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Roberto Marinho, 98; Wealthy Head of Brazilian Media Conglomerate

August 08, 2003|From Staff and Wire Reports

RIO DE JANEIRO — Roberto Marinho, who turned his father's newspaper into a media empire and became one of Brazil's wealthiest and most powerful men, died Wednesday. He was 98.

Marinho died in Rio's Samaritano Hospital, where he had been taken earlier in the day, according to his Globo TV network. The cause of death was not announced.

Marinho founded Organizacoes Globo, which included television, cable, pay television and print media outlets. Among his holdings were Brazil's third-largest newspaper, O Globo, a network of radio stations, the Editora Globo publishing house and recording labels.

Marinho also controlled other companies grouped under Globo Comunicacoes e Participacoes, or Globopar, of which he was chairman of the board.

With a fortune estimated at $6.4 billion in 2000, Marinho saw his personal worth decline after financial setbacks and the fall of Brazil's currency. This year, he failed to make Forbes magazine's annual list of billionaires.

But it was his hands-on management of TV Globo, with its 113 stations and affiliates that reach into virtually every Brazilian home, that gave Marinho unparalleled influence over shaping the nation's culture, politics and self-image.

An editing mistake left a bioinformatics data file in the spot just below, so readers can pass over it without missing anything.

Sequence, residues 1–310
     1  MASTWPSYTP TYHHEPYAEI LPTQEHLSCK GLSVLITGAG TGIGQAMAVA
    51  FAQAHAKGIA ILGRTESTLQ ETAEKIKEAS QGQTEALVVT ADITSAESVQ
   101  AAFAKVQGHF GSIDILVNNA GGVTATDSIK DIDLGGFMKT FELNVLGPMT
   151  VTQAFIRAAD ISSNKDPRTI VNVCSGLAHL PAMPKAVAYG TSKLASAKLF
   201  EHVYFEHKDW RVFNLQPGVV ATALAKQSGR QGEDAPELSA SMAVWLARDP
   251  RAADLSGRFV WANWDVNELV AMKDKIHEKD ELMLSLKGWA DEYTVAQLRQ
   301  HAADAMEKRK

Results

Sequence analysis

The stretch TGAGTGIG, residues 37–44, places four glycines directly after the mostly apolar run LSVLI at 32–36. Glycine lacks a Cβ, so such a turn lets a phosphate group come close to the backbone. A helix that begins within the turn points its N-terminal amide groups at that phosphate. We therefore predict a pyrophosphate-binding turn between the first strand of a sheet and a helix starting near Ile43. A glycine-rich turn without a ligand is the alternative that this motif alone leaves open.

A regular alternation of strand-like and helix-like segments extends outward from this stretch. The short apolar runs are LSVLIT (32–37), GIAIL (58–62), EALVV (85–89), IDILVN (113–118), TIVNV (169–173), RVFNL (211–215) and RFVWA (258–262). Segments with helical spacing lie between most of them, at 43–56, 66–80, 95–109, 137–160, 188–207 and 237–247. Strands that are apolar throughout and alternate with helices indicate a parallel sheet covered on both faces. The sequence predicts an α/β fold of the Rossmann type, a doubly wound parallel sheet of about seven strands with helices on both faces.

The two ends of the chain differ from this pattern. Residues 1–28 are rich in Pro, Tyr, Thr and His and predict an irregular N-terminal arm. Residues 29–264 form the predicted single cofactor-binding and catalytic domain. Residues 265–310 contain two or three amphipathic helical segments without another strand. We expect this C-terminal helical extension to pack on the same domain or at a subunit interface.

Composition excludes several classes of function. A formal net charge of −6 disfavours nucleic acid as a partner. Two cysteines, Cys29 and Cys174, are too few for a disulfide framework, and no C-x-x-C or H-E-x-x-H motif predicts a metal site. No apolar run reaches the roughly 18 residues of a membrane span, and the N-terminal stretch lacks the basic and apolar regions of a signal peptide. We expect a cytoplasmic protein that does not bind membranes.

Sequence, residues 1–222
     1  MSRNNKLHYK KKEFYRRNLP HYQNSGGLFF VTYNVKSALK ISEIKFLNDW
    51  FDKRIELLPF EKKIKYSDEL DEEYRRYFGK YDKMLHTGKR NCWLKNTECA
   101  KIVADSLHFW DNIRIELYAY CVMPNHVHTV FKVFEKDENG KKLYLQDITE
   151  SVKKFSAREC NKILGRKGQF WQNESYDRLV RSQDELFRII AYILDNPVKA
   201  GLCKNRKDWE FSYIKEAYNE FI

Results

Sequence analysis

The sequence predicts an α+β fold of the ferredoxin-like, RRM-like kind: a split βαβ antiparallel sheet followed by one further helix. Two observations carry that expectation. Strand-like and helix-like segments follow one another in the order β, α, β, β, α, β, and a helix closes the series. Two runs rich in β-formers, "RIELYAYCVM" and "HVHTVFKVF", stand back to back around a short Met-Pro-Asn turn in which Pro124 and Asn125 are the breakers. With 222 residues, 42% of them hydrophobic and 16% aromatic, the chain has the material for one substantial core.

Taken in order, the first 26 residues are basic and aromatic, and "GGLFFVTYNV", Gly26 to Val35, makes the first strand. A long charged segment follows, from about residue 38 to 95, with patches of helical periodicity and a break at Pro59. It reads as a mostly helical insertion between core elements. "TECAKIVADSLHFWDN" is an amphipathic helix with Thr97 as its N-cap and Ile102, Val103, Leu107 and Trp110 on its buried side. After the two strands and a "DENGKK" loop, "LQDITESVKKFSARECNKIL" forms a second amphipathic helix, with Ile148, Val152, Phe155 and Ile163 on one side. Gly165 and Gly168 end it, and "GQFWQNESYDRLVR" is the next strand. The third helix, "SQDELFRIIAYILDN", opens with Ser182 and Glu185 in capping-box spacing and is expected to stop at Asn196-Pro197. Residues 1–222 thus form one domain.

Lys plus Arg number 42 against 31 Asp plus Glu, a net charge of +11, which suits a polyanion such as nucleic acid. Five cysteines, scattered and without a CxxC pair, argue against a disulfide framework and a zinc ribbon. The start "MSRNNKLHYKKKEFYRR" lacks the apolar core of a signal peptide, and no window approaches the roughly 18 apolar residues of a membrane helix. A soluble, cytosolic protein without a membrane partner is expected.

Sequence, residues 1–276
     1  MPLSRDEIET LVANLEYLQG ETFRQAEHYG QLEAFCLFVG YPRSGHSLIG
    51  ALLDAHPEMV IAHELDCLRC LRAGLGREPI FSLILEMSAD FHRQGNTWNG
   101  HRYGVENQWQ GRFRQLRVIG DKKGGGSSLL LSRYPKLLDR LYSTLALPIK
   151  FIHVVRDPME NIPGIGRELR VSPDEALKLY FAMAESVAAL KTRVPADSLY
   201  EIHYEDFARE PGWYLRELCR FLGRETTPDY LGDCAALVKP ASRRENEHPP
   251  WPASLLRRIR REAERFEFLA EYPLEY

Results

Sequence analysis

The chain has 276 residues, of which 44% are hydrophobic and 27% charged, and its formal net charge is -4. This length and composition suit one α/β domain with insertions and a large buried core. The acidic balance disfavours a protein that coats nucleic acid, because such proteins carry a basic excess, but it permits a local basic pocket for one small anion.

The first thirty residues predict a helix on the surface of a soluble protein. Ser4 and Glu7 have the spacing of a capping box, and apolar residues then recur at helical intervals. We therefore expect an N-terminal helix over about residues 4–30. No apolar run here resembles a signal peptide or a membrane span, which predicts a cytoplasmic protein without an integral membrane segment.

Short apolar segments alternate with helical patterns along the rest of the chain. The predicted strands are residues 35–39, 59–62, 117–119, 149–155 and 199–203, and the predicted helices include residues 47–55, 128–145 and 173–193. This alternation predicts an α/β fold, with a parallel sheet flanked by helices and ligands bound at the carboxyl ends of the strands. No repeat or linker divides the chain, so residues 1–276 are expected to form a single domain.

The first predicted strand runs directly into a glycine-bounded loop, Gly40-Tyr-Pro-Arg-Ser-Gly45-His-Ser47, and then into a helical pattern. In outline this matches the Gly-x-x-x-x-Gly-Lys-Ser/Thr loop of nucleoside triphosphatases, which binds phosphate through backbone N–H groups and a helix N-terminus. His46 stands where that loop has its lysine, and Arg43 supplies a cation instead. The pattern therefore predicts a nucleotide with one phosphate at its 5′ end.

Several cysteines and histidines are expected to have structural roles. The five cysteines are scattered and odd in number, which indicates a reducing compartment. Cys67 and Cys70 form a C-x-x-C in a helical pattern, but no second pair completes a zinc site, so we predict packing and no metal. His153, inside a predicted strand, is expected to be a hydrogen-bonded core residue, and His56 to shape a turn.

A self-described patriot with close ties to Brazil's 1964-85 military regime, Marinho unabashedly used Globo's power to favor chosen politicians and snub those he deemed bad Brazilians. He could make or break candidates, and presidential hopefuls routinely made the pilgrimage to Rio for his blessing.

"He is the owner of Brazil," Homero Sanchez, a former Globo executive said some years ago in an interview with the Los Angeles Times. "He permits Brazil to have a president. He controls everything in this country -- communications and everything."

In 1985, when President-elect Tancredo Neves picked Marinho's close friend Antonio Carlos Magalhaes as his minister of communications, he reportedly justified his choice by saying: "I'll fight with the army minister, but not with Roberto Marinho."

Born in Rio de Janeiro on Dec. 3, 1904, Marinho went to work at the daily O Globo after the death of his father, Irineu Marinho, who founded the newspaper in 1925 and died 23 days later. Starting as a cub reporter, the young Marinho quickly advanced, becoming managing editor in 1931 at the age of 26.

In the early 1960s, he obtained a TV broadcasting license for Rio de Janeiro and signed a contract with the Time-Life Group, giving the U.S. corporation a share of profits from the television venture in exchange for financial and technical assistance.

After opening the Rio channel in 1965, the Globo network began expanding rapidly. Time-Life participation is credited with giving the new network a decisive competitive edge over its established competition.

The Time-Life agreement was later rescinded, but Marinho's media empire continued to expand.

A patron of the arts, Marinho sponsored many exhibitions through the Roberto Marinho Foundation and had a private collection of about 700 works of art, including Pancettis and Mondrians, at his estate in Rio's Cosme Velho district, at the feet of the Christ statue. In 1993 he was elected to the Brazilian Academy of Letters.

Marinho was married three times, the last to Lily Carvalho. He is survived by her, as well as three sons and several grandchildren.

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